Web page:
STATE—New Jersey’s 72 hospitals in 2007 committed nearly 9,400 “serious medical mistakes” that threatened patient safety, according to a report issued by the state Department of Health and Senior Services.
Trinitas Hospital in Elizabeth was the lowest rated facility in Union County, according to the report, which showed Robert Wood Johnson University Hospital at Rahway and Overlook Hospital in Summit scoring higher in every category.
Results varied among Middlesex County’s five hospitals, which are Middlesex JFK Medical Center in Edison, Raritan Bay Medical Center (RBMC) Old Bridge, RBMC Perth Amboy plus Robert Wood Johnson University Hospital and St. Peter’s University Hospital, both in New Brunswick.
Trinitas President and Chief Executive Officer Gary S. Horan, FACHE questioned the validity of the results presented in the report, saying they “are misleading and possibly in error, and at the very least they detract from our hospital-wide successes in reducing the rate of infection.”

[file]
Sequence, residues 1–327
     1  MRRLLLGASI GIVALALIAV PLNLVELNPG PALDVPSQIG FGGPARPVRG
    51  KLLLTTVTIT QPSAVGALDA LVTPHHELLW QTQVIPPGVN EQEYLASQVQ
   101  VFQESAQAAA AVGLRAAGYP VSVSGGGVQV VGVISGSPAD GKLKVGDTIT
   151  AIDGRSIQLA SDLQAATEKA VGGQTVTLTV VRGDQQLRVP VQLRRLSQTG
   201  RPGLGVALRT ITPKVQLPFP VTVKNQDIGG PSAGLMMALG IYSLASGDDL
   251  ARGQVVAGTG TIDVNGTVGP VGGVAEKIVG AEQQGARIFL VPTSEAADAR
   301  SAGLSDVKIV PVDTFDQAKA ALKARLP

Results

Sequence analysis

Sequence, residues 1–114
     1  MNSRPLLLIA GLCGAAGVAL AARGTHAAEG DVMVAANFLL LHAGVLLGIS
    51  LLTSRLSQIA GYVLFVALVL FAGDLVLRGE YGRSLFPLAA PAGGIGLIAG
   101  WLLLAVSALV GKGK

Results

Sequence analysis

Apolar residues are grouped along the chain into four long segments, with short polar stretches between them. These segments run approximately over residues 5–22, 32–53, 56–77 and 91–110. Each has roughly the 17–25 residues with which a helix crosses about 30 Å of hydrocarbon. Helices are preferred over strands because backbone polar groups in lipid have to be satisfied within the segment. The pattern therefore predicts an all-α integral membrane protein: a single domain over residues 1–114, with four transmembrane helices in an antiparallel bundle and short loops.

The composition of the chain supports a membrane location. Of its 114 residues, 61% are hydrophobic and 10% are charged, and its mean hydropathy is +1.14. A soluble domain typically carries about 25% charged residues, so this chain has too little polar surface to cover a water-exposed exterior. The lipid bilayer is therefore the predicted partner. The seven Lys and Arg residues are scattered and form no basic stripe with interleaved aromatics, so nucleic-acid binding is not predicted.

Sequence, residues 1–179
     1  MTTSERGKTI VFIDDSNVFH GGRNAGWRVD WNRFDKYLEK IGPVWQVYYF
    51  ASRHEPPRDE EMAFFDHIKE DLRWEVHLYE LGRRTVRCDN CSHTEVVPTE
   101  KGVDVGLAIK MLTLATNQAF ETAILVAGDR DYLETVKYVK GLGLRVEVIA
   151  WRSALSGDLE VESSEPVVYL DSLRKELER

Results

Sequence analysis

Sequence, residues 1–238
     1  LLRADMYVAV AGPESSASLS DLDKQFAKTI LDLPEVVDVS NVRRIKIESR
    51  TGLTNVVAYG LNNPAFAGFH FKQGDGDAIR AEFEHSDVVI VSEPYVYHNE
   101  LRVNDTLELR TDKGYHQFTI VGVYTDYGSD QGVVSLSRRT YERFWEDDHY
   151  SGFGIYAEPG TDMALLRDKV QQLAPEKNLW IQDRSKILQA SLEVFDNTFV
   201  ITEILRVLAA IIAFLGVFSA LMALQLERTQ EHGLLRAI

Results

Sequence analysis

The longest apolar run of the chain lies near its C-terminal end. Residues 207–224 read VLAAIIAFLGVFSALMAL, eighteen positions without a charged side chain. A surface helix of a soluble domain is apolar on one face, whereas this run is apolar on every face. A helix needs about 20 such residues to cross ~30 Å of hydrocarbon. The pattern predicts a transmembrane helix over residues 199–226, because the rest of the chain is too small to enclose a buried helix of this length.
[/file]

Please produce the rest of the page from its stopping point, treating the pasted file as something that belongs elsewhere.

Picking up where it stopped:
“The report gives the impression that only 96 surgeries were performed at Trinitas and of these, 5 patients – or 1 in every 20 – suffered post-operative infection,” said Horan. “This does a great disservice to our staff and to our institution, which provided exemplary care to over 7,500 surgical patients in 2007.”
The sixth state report was the first to identify hospitals by name on the rate of errors. AARP, a group that advocated strongly for public release of the hospital-specific information, was pleased to get results.
See Related Story: While the state health department report focused on quality, quantity has been a problem plaguing medical care in the Garden State as the Corzine administration follows a policy encouraging hospitals to shut down.
“When our members are looking for a health facility, they want to choose one that is working the hardest to reduce the number of medical errors to zero,” said Patricia Kelmar, associate state director for advocacy for AARP New Jersey. “This report shows that every hospital can be doing more to protect patients from preventable mistakes that cause injury, pain and even cost them money.”
The report card measured the quality of each hospital’s treatment of patients suffering from a heart attack, heart failure, and pneumonia or undergoing surgery.
Officials say New Jersey met or exceeded national averages most measures of quality care, but patients in the state developed an infection and their surgical wounds “split open” more frequently then elsewhere.
Readers can view the full report at http://web.doh.state.nj.us/apps2/hpr/docs/2009/report.pdf.
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